Ten Text Characteristics for Guided Reading
- Genre/Form: Genre is the type of text and refers to a system by which fiction and nonfiction texts are classified. Form is the format in which a genre may be presented. Forms and genres have characteristic features.
- Text Structure: Structure is the way the text is organized and presented. The structure of most fiction and biographical texts is narrative, arranged primarily in chronological sequence. Factual texts are organized categorically or topically and may have sections with headings. Writers of factual texts use several underlying structural patterns to provide information to readers. The most important are description; chronological sequence; comparison and contrast; cause and effect; and problem and solution. The presence of these structures, especially in combination, can increase the challenge for readers.
- Content: Content refers to the subject matter of the text-the concepts that are important to understand. In fiction, content may be related to the setting or to the kinds of problems characters have. In factual texts, content refers to the topic of focus. Content is considered in relation to the prior experience of readers.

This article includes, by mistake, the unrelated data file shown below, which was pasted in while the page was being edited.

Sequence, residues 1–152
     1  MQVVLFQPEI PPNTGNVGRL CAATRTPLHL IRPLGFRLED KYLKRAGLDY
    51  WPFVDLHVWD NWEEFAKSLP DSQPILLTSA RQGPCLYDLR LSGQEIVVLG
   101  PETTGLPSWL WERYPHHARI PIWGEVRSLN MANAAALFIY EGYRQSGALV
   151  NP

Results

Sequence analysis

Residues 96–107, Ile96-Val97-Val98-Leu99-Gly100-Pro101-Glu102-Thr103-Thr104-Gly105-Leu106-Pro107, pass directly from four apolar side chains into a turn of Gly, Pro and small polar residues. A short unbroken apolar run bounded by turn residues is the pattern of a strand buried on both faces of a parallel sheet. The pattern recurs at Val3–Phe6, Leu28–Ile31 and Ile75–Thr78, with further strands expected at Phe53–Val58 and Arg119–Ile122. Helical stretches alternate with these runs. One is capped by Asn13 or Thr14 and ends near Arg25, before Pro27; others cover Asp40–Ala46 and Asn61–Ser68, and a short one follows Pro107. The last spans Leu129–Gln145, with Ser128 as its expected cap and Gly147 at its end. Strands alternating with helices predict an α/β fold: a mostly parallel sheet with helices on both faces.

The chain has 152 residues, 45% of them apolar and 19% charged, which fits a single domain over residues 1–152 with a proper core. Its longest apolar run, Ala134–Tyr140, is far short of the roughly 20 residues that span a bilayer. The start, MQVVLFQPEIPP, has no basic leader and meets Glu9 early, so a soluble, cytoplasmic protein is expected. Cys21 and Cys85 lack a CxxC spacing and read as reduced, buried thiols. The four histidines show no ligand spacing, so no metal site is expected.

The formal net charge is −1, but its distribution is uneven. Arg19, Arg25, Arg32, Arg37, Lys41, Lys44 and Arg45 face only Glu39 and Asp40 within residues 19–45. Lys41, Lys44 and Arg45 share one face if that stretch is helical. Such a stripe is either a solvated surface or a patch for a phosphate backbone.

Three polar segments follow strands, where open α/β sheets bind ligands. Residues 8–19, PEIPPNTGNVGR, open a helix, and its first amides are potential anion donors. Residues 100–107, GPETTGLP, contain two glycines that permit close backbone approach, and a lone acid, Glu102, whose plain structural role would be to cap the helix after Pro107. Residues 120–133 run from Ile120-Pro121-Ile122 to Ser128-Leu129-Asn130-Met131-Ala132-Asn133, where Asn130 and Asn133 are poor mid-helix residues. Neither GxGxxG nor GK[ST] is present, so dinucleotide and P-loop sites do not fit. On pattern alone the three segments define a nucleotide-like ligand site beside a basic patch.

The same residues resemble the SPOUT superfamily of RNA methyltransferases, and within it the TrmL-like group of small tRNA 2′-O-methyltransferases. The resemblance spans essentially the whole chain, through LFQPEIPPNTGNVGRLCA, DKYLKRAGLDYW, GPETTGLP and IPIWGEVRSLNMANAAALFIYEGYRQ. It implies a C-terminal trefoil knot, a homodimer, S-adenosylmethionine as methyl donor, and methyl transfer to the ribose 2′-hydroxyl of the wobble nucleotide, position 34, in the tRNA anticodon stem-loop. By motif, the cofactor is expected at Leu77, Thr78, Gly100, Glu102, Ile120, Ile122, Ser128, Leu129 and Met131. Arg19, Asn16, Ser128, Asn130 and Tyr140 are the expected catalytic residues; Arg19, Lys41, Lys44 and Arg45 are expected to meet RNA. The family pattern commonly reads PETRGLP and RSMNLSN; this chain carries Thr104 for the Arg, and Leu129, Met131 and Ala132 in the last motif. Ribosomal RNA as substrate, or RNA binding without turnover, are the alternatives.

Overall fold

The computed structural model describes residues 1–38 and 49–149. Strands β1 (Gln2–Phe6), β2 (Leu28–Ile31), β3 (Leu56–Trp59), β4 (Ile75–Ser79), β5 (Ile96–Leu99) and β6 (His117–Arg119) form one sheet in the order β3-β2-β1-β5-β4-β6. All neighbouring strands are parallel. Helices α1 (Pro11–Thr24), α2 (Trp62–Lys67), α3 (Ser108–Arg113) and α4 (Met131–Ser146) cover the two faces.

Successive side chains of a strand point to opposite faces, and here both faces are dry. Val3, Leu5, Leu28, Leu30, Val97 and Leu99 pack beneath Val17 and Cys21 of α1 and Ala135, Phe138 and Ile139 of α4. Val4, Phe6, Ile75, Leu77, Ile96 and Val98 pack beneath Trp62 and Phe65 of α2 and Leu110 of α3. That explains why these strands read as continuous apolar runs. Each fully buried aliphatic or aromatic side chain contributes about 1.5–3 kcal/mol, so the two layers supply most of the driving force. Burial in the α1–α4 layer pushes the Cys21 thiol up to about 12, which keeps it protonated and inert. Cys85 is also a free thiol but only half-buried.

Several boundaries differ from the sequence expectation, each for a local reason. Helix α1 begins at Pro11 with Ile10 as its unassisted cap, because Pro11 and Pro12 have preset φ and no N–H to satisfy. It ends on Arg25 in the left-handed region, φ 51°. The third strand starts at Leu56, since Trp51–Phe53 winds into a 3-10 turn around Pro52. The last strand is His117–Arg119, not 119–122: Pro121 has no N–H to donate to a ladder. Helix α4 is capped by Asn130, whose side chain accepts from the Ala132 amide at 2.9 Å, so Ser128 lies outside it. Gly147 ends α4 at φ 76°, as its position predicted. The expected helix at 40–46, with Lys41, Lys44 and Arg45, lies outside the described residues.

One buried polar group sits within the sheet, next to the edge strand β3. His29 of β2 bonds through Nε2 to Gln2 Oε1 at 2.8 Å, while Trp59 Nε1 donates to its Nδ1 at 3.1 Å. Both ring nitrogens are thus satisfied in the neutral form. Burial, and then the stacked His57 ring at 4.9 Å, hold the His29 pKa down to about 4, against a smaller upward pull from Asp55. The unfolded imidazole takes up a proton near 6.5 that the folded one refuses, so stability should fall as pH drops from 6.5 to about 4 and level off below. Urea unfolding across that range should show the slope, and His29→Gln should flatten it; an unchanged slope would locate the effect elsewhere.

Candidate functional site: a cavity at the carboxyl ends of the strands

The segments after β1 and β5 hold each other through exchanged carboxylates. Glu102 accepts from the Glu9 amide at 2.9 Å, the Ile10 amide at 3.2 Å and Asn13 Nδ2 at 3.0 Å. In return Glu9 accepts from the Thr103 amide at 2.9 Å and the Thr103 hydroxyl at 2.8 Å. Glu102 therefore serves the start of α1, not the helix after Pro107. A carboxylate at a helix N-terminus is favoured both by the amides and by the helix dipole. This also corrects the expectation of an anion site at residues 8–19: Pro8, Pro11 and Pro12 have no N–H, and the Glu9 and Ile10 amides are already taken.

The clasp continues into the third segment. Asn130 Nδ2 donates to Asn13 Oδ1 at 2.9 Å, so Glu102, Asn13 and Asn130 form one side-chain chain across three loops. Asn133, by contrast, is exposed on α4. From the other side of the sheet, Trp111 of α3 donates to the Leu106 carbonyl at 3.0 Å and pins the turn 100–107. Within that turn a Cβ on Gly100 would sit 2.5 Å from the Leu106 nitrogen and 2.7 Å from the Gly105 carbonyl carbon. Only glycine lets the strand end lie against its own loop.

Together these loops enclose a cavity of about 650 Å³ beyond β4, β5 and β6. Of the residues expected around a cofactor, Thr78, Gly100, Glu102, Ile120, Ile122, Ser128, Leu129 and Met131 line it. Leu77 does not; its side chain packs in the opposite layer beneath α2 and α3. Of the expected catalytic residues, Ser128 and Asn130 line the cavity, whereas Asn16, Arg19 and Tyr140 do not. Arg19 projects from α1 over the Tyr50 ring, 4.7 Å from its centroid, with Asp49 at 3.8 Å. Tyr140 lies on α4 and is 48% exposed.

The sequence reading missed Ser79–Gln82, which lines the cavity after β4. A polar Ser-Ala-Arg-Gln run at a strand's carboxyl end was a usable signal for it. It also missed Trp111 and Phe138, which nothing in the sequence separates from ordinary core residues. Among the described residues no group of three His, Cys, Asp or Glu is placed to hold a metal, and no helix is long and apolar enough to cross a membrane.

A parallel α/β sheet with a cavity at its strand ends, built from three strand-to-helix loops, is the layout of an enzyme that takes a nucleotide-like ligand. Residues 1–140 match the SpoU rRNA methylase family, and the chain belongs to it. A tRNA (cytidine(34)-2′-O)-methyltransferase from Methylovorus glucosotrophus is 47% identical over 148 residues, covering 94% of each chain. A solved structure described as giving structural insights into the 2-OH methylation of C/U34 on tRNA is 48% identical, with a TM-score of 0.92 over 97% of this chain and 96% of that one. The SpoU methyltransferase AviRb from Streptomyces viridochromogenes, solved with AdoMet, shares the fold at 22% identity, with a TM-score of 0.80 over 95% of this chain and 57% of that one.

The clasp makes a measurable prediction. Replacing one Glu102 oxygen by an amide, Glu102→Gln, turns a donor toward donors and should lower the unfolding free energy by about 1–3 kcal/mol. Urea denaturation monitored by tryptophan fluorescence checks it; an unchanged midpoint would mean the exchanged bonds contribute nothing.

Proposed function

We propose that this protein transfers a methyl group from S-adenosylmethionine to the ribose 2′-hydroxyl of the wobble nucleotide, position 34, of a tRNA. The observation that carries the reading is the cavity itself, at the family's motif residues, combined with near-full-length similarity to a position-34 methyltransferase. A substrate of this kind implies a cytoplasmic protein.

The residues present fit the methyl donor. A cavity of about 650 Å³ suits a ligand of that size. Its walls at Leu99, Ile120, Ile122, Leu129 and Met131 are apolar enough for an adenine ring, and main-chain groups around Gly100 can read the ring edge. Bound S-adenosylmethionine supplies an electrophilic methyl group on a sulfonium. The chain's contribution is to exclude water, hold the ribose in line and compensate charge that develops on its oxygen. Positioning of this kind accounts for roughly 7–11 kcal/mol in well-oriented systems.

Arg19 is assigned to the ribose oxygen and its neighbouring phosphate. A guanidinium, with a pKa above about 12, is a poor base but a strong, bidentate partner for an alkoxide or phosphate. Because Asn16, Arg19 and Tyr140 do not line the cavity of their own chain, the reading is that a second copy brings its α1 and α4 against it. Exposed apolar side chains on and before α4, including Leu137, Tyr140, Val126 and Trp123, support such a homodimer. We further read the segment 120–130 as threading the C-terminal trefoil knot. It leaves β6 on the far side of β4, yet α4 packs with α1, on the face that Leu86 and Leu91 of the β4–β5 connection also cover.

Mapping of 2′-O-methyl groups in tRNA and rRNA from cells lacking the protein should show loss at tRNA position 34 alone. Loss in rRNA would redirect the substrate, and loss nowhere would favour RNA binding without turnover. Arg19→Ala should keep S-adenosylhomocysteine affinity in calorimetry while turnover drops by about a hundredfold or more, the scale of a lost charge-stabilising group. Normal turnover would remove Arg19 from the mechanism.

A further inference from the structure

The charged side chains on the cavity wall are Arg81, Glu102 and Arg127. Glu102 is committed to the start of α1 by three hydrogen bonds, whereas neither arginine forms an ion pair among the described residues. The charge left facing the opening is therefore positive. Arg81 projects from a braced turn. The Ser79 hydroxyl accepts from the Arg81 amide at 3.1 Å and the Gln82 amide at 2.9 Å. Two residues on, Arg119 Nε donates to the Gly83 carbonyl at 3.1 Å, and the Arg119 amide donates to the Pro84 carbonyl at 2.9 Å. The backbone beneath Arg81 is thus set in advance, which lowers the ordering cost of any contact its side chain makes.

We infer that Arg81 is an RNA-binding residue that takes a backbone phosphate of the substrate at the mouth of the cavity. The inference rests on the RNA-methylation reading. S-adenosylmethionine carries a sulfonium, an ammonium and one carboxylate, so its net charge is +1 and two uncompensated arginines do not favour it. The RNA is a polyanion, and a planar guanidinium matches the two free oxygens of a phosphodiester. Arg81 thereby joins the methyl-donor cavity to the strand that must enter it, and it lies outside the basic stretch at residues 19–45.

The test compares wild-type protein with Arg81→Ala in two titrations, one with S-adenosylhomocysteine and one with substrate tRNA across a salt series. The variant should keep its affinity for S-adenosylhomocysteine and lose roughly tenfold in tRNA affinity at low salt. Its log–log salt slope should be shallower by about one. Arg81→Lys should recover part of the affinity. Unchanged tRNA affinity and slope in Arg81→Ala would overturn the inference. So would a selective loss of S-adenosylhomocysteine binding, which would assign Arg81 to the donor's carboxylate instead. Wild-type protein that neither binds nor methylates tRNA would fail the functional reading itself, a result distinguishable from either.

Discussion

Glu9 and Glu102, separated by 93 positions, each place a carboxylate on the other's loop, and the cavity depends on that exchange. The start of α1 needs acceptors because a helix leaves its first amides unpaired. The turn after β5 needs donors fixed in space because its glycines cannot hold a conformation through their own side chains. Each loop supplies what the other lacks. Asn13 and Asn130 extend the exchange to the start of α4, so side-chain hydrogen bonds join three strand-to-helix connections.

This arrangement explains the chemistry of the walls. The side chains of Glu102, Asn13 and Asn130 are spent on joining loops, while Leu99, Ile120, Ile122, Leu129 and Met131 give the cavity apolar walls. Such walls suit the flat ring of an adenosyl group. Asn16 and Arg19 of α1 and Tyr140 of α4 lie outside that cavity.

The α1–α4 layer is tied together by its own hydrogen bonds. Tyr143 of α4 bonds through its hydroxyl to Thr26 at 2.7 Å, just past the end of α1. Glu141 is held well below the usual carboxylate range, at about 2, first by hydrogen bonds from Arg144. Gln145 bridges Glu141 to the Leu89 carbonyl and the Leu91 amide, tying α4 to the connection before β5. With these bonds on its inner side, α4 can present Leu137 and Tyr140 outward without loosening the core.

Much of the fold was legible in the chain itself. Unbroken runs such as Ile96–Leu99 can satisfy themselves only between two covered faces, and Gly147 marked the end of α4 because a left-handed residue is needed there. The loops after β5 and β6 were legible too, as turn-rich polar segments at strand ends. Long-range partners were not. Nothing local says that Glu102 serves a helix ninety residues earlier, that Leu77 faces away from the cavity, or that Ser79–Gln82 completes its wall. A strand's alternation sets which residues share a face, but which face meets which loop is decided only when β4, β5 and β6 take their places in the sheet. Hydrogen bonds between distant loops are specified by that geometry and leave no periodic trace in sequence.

- Themes and Ideas: These are big ideas that are communicated by the writer. Ideas may be concrete and accessible or complex and abstract. A text may have multiple themes or a main theme and several supporting themes.
- Language and Literary Features: Written language is qualitatively different from spoken language. Fiction writers use dialogue, figurative language, and other kinds of literary structures such as character, setting, and plot. Factual writers use description and technical language. In hybrid texts you may find a wide range of literary language.
- Sentence Complexity: Meaning is mapped onto the syntax of language. Texts with simpler, more natural sentences are easier to process. Sentences with embedded and conjoined clauses make a text more difficult.